Facts: Mother and Father were never married but their relationship produced Child. When they split, a parenting plan was implemented designating Mother as the primary residential parent and establishing each parent’s co-parenting time. Mother eventually married a member of the military who was stationed in Colorado. Mother notified Father of her intent to relocate and filed a petition seeking permission to relocate. Father responded by filing a Petition to Change Custody. After a hearing, the trial court determined that a material change of circumstances existed and that it was in Child’s best interest to change the primary residential parent to Father. Mother appealed.
On Appeal: The Court of Appeals reversed the trial court.
The parental relocation statute, Tennessee Code Annotated § 36-6-108, was implicated here. That statute creates a mechanism for determining whether a parent who has custody of a child may relocate outside the state or more than 100 miles from the other parent within Tennessee. Because Father conceded he does not spend substantially equal time with Child, Tennessee Code Annotated § 36-6-108(d)(1) applies. The statute provides:
(1) If the parents are not actually spending substantially equal intervals of time with the child and the parent spending the greater amount of time with the child proposes to relocate with the child, the other parent may, within thirty (30) days of receipt of the notice, file a petition in opposition to removal of the child. The other parent may not attempt to relocate with the child unless expressly authorized to do so by the court pursuant to a change of custody or primary custodial responsibility. The parent spending the greater amount of time with the child shall be permitted to relocate with the child unless the court finds:
(A) The relocation does not have a reasonable purpose;
(B) The relocation would pose a threat of specific and serious harm to the child that outweighs the threat of harm to the child of a change of custody; or
(C) The parent’s motive for relocating with the child is vindictive in that it is intended to defeat or deter visitation rights of the non-custodial parent or the parent spending less time with the child.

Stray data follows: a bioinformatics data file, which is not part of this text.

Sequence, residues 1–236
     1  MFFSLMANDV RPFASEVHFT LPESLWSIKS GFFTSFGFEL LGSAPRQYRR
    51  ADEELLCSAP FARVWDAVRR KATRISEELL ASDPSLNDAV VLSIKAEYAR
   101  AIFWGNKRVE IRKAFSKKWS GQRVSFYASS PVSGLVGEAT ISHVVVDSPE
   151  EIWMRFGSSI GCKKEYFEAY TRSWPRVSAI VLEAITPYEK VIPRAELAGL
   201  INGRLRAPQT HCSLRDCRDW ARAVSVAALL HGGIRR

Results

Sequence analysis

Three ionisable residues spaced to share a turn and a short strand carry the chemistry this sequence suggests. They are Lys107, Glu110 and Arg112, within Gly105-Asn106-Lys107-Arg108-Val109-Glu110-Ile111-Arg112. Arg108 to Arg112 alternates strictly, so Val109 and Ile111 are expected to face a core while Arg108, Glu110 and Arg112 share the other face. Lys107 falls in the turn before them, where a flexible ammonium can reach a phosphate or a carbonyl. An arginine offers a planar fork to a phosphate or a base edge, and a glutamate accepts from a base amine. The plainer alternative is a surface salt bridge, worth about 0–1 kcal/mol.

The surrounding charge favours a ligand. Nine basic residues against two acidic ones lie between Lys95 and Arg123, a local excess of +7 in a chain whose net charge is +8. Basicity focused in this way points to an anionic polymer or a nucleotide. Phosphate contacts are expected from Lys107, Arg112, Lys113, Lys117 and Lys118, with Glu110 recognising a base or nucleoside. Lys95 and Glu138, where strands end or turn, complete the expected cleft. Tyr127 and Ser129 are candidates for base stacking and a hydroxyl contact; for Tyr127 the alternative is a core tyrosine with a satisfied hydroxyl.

The parent opposing the relocation bears the burden of proof to establish one of these three grounds. The statute makes clear the relocation shall be permitted if the opposing parent fails to prove any of the three grounds. If the court finds one of the grounds to be present, it must determine whether or not to permit relocation of the child based on the best interest of the child.
Mother argued the trial court erred by failing to apply Tennessee Code Annotated § 36-6-108. The Court of Appeals agreed, discussing two other cases in which the Court held trial courts must make specific findings under the statute.
First, under the statutory scheme, when a parent objects to the other parent relocating with the child, a court’s first inquiry is the amount of time each parent spends with the child. While Father concedes that Mother spent substantially more time with the child, it is important for the trial court to acknowledge this fact and apply § 36-6-108(d)(1).
Because Mother was the primary residential parent at the time of the filing of the petition to relocate, the statutory presumption favored her relocation with Child unless the trial court found the relocation: (1) lacked a reasonable purpose; (2) posed a threat of specific and serious harm to Child; or (3) appeared that the parent’s motive for relocation is vindictive. The Court ruled the failure to conduct this analysis was reversible error:
We find that the trial court erred in granting Father’s Petition to Change Custody. . . . [W]e hold that the trial court should have addressed Mother’s Petition to Relocate and the statutory factors of Tenn. Code Ann. § 36-61-08(d).
The Court then went a step further and granted Mother’s request to relocate:
[H]aving reviewed the record, we find that there is enough evidence to approve Mother’s Petition to Relocate. Mother’s marriage to a military service member prompted her decision to relocate with the child. At the hearing, Father failed to prove that Mother’s relocation lacked a reasonable purpose; posed a threat of specific and serious harm to the child; or possessed a vindictive motive. In fact, the trial court noted in its opinion that it “understood” Mother’s need to move; the court further remarked that it did not “want to hurt her relationship” with her husband. By the trial court noting that it understood Mother’s reason for the relocation, the trial court implicitly recognized that Mother’s relocation served a reasonable purpose. Further, none of the evidence in the record demonstrates how Mother’s relocation satisfied the other statutory factors. . . .
We hold that the evidence fails to overcome the statutory presumption in favor of Mother relocating with the child, and we approve Mother’s relocation to Colorado with the child. Because of the distance involved, a remand is required so that the trial court may hold an additional hearing to establish Father’s visitation.
Information provided by K.O. Herston: Knoxville, Tennessee Divorce and Family Law Attorney.